“You can beat city hall.
Local politicians like to get in bed with local business,
and taxpayers are usually the losers.
...such sweetheart deals can be defeated.”
..Journal editors expose crony capitalism and corporate welfare schemes,
and they waste few words in condemning these harmful practices.
The three Republican members of the [Greensboro] City Council
who consider themselves fiscal conservatives
but nonetheless voted for the corporate welfare that voters rejected
...need to consider this a wake up call.
"The core issue is fairness
—and not of the soak-the-rich kind...
One of the leaders of the opposition, [George Hartzman],
...says that what infuriated voters was the veneer of "political cronyism."
What Americans seem to want most from government these days is equal treatment.
They increasingly realize that powerful government nearly always helps the powerful,
whether the beneficiaries are a [business lobby] that can carve a sweet deal
...or corporations that can hire lobbyists to write a tax loophole.
This is why Americans ...rebel when city hall abuses eminent domain
to bully people out of their homes for a big business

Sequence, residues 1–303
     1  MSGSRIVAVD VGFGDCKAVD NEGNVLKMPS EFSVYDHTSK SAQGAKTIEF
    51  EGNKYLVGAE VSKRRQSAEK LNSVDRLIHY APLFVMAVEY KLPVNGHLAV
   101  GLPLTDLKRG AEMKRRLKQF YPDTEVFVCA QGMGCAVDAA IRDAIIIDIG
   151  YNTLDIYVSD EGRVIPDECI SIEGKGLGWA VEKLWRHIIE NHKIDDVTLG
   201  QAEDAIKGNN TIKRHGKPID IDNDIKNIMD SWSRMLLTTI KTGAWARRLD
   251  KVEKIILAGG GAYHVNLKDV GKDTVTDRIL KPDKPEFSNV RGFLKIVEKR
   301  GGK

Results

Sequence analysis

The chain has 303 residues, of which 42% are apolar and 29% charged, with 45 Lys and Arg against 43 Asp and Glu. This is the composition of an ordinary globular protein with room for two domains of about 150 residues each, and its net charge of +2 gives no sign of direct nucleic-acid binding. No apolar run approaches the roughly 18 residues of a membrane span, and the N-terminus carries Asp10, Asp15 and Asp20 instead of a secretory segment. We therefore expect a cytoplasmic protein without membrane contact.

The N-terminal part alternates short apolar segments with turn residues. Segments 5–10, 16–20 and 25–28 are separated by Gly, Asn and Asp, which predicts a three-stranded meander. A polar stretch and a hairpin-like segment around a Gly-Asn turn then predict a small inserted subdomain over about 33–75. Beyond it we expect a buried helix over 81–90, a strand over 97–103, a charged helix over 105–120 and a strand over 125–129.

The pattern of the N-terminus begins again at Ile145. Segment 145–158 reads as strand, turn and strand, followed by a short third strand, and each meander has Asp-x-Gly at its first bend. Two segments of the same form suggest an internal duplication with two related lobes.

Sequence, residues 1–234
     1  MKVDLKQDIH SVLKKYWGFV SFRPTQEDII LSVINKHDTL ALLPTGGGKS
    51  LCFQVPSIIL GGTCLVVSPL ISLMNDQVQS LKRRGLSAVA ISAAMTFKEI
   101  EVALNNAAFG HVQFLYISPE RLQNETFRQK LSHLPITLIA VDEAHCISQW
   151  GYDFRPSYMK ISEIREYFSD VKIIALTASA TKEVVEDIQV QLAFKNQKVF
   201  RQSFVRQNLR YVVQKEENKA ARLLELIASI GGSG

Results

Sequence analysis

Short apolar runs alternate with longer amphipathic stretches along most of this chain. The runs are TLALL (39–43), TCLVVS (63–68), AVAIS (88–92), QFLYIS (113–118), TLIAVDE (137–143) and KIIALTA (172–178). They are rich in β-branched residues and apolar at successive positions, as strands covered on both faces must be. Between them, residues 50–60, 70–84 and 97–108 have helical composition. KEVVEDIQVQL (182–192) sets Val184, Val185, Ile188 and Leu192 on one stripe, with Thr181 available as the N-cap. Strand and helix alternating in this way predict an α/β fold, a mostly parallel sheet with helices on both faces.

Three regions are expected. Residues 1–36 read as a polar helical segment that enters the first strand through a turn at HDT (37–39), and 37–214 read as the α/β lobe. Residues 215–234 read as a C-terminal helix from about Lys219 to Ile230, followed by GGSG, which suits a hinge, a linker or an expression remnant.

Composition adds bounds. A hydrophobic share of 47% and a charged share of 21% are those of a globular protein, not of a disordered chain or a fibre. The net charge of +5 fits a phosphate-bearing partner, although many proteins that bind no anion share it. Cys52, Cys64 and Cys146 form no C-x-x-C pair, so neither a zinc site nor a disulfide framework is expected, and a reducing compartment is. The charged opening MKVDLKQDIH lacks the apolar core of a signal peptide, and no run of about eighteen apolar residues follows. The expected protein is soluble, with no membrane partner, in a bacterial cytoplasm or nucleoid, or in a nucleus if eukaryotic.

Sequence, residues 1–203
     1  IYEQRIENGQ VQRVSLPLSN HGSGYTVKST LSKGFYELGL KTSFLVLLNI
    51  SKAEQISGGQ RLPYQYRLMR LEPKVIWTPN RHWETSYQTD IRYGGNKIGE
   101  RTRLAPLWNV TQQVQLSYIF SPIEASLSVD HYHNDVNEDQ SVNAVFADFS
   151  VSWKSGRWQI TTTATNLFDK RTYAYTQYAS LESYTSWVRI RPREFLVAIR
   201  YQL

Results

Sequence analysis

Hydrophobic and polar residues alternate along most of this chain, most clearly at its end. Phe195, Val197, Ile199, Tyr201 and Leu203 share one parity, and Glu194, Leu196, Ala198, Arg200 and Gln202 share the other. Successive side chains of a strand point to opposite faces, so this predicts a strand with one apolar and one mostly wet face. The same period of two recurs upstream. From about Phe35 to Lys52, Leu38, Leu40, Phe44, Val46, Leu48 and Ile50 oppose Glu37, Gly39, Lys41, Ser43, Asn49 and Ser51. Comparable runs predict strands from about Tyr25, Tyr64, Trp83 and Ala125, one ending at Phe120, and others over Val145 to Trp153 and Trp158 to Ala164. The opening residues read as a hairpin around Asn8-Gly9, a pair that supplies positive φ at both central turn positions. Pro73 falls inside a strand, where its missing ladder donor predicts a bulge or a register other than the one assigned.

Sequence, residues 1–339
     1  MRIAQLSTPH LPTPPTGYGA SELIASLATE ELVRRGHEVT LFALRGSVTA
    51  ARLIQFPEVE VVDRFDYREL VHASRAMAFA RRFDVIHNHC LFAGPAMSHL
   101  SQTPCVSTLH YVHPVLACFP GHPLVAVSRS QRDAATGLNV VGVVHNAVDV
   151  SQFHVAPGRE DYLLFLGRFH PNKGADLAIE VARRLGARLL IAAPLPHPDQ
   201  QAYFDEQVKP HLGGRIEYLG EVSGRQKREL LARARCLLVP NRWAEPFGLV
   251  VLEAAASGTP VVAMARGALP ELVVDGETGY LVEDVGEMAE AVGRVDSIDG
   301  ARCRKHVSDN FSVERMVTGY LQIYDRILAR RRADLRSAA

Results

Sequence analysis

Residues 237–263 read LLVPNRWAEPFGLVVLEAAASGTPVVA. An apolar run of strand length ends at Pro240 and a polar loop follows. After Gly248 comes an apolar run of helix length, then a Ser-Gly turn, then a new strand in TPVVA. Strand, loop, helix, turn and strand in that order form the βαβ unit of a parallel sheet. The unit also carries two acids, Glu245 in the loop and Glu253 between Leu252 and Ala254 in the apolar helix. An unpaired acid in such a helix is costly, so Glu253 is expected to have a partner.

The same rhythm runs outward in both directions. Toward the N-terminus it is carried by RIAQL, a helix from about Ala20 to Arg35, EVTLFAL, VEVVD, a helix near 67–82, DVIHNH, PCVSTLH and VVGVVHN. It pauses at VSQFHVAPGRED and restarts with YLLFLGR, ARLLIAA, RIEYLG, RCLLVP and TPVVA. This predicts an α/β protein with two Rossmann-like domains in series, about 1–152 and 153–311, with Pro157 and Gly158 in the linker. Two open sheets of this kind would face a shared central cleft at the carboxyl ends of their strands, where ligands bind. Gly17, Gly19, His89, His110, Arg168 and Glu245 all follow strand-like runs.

Let's hope for more such popular uprisings."
"In late 2011 the [Greensboro] city council passed a bill
exempting the new [Downtown] Hotel, owned by real-estate developers,
from 75% of the city hotel tax, on top of at least $10 million in other subsidies.
The measure was sold in the name of jobs and urban redevelopment,
and the local power brokers were all for it:
the Chamber of Commerce, the political class, the city newspaper.
All the skids were greased..."
These members, it should be noted,
routinely vote in concert with the Democrats ...on the council.
For good measure, we should note that Sedgwick County Commission Republicans
...routinely — but not always — vote for these crony capitalist measures.
The [Greensboro] business community, headed by the [Greensboro Partnership]
...endorsed this measure, too.
Hopefully this ...will convince [Greensboro's] political and bureaucratic leaders
that our economic development policies are not working.
...It is now up to our leaders
to find within themselves the capability to change — or we all shall suffer."